Last Updated on June 19, 2019, by eNotes Editorial. Word Count: 341
Continental Drift is a novel by American author and poet Russell Banks. The book was published in 1985 and the story itself is set in the eighties. The structure of the novel consists of two separate but intertwined plots. In the story, Banks examines the interconnections of people in the...
(The entire section contains 341 words.)
See This Study Guide Now
Start your 48-hour free trial to unlock this study guide. You'll also get access to more than 30,000 additional guides and more than 350,000 Homework Help questions answered by our experts.
Continental Drift is a novel by American author and poet Russell Banks. The book was published in 1985 and the story itself is set in the eighties. The structure of the novel consists of two separate but intertwined plots. In the story, Banks examines the interconnections of people in the modern world. In particular, Banks explores the effects of globalization during the late 20th century. The last quarter of the 20th century saw the extinction of old empires and political establishments, the most notable being the collapse of the Soviet Union in 1991. The era also saw an increase in the geographical movement of people and products that was not possible before.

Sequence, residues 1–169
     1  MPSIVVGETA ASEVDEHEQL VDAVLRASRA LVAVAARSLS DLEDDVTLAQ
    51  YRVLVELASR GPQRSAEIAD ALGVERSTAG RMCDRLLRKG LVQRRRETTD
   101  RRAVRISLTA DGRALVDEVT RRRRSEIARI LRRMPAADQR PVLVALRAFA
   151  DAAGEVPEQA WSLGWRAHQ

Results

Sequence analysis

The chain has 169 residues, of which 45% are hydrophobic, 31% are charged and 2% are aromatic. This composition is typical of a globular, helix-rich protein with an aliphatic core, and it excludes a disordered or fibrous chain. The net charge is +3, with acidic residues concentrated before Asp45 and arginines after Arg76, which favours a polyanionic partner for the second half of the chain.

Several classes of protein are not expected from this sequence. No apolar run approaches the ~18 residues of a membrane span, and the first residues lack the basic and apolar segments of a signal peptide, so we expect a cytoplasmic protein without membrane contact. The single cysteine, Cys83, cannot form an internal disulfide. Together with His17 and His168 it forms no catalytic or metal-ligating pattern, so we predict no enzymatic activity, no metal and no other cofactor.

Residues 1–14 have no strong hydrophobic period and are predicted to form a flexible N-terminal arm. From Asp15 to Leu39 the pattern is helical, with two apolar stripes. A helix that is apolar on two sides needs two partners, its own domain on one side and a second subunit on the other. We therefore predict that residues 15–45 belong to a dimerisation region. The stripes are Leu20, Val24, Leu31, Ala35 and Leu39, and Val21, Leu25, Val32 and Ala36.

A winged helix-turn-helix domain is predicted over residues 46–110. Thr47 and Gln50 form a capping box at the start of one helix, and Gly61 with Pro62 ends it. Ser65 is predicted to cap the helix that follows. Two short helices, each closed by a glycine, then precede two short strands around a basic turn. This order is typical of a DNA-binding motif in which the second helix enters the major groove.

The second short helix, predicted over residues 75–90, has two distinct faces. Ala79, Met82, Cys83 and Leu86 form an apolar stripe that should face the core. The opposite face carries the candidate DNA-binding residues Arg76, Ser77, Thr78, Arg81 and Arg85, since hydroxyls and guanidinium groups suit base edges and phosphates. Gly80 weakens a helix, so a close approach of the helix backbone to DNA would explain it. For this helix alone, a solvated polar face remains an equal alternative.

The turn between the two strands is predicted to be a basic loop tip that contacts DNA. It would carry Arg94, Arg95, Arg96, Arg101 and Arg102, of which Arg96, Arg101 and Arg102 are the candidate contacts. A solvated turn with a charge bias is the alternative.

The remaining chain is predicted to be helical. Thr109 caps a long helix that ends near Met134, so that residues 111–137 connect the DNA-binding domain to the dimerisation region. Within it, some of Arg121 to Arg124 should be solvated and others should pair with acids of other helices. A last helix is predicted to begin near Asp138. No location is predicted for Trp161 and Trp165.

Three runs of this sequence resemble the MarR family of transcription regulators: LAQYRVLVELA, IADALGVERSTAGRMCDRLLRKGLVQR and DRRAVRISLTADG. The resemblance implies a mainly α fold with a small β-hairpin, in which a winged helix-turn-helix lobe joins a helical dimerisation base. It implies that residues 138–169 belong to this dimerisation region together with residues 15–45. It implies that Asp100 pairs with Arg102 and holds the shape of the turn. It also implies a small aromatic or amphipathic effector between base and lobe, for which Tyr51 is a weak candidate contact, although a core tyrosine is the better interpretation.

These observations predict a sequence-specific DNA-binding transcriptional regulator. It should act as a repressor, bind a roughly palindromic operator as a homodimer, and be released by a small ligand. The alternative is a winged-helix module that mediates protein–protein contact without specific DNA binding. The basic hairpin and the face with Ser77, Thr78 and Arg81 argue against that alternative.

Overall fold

The title of the novel refers to Banks's comparison of globalization to the continental drift, a theory in geology positing that continents have moved over time. Globalization and capitalism are inherently entwined both in the book's narrative and in actuality. The desire to make money is the reason why the protagonist, Bob DuBois, a blue-collar man from New England, decides to move to Florida. In the second plot, Vanise Dorsinville, a Haitian woman, decides to move to Florida from Haiti to seek economic opportunities. The two different protagonists don't know each other, but they both represent the illusions and realities of what could be called the American Dream.
Banks's novel provides a gritty and realistic portrayal of social class systems in America, and how people can easily be victimized by the economic structure of the country. Another aspect of the novel is the idea that the characters, if seen as the metaphorical continents, drifted not only physically from their respective homes—New Hampshire and Haiti—but also figuratively from who they once were. The two main characters, especially Bob DuBois, come across multiple moral dilemmas throughout the story, and their decisions are portrayed realistically by Banks. The two protagonists are stuck in a cycle of poverty and self-destruction as the world around them changes at a fast pace, threatening to leave them both behind, taking the American dream along with it.